I read in a forum that 12px english/roman character will appear to be readable while a 12px japanese character would be very heard to read. This brings me to the question, "Is there an ideal font size that one can use in their application, especially when their application supports more than one language?"
What is the ideal font size to be used in user interface that supports all foreign languages?
2Why not use the systems default font-size? Defining an absolute font size can be very tricky due to (very) high resolutions = high pixel density or differences in characters and fonts. I would choose a flexible solution in which Roman characters can differ in size from Japanese for example.– RuudtJul 2, 2014 at 11:15
@Ruudt does it mean that if I do not override the font size in my application, the System Font Size will be chosen and that the system will auto scale if the locale is ab asian language, like zh-Hans or ja?– sudarsanyesJul 2, 2014 at 11:45
Even English font types can vary a lot when the same px size is specified, so it is not surprising that there are also variations between different languages. Therefore I don't think there is an ideal font size that works for all languages.– Michael Lai ♦Jul 2, 2014 at 22:46
Actually, after writing that comment, I think I've thought of an answer the question.
No, I don't think there is an ideal multilingual font size. The question is akin to asking "what is the ideal font size to use in the user interface for software that does everything for everyone?". It depends on context, purpose, audience and all the other usual factors that go into a decision like this.
Furthermore, we already know that different scripts have very different levels of visual density - that's the whole point of this question - but it then follows that it must be impossible for a single absolute font size to be maximally legible across all types of script. A variable font size option may be the best solution to this problem.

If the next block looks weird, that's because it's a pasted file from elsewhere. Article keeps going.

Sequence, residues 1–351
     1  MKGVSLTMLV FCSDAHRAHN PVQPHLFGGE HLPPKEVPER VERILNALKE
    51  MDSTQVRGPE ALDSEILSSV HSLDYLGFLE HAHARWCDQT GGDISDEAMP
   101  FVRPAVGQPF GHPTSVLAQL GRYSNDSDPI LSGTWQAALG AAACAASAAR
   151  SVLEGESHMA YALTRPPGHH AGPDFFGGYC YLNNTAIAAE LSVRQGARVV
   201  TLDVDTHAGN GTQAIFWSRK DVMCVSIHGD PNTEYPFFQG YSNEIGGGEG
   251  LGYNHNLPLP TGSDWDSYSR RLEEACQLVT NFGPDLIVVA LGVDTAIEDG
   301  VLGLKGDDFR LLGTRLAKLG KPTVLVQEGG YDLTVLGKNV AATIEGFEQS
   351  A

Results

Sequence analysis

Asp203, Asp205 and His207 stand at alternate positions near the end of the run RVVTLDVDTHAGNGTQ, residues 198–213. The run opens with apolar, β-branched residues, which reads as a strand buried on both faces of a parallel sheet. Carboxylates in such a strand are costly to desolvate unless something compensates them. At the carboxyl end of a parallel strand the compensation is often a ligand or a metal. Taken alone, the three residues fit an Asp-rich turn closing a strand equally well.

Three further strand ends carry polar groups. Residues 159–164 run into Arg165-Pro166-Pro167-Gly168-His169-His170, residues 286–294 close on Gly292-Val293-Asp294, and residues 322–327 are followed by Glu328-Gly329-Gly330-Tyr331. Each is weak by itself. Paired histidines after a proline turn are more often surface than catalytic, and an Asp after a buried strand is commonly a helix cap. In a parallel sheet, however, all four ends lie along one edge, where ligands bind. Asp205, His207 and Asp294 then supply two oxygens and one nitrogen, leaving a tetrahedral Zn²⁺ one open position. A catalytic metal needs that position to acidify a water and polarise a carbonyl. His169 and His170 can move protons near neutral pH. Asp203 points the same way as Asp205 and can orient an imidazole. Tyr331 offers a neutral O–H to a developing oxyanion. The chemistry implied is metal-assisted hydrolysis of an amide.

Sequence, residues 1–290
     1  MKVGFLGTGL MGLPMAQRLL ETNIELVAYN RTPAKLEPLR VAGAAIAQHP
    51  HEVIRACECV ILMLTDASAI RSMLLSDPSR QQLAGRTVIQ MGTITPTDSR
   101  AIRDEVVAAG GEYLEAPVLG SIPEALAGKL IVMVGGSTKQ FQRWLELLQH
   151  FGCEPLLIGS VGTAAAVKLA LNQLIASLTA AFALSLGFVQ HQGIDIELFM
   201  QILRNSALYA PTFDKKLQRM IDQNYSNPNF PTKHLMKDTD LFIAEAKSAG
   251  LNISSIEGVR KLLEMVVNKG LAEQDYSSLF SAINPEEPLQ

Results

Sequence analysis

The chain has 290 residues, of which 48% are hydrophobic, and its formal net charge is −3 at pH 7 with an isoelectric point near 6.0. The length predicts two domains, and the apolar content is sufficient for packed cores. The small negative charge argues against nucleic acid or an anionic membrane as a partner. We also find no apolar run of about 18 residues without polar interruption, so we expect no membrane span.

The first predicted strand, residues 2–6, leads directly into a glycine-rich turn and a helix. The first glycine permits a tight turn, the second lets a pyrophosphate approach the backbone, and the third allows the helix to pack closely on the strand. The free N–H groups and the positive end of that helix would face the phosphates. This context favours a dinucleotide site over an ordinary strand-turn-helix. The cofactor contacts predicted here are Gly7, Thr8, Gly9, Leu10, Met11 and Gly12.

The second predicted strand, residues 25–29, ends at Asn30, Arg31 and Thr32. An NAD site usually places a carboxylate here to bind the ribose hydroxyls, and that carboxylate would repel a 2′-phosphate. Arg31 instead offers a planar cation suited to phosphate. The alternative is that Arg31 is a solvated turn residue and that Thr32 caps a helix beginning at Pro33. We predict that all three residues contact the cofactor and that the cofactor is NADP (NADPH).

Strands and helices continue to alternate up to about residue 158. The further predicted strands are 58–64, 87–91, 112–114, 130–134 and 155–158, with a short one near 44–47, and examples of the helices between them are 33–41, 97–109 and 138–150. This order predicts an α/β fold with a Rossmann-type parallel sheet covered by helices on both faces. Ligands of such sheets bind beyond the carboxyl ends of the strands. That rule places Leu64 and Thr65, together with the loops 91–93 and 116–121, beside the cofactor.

Note that people are typically able to read text in scripts they're familiar with without major problems across a wide range of sizes, as reading is a complex process that isn't just pure visual processing -- and if users have problems with reading small text in general, that's a different accessibility issue altogether.
On a related note, here is my earlier comment, slightly edited:
Keep in mind that although a 12px kanji character may appear to be very hard to read, people used to logographic scripts regularly read tiny print in newspapers with no problem. Like with alphabetic scripts, there is a process of statistical inference going on; we recognize common words by general shape and context in addition to the components of the character. I don't know how to answer the question of "ideal" font size, but for practical reasons East Asian localizations often use the same sizes as the Latin script counterparts with no (AFAIK anecdotally) major usability problems.
The ideal font size, for any typeface is 1em.
That is the size the glyphs were intended to be displayed at, the size they are designed to be displayed at.
Why second-guess the typographer who created the typeface, the OS / Browser manufacturer or your users (who may set their own preferred default font-size on the device)?
Do nothing at all and all your type will render at the size it was designed to, on every device, in every language, all of the time. If you set the default font-size of your app in px you completely disregard the choices made by the type designer, the device / OS developers and your users; all of whom had good reasons for the choices they made.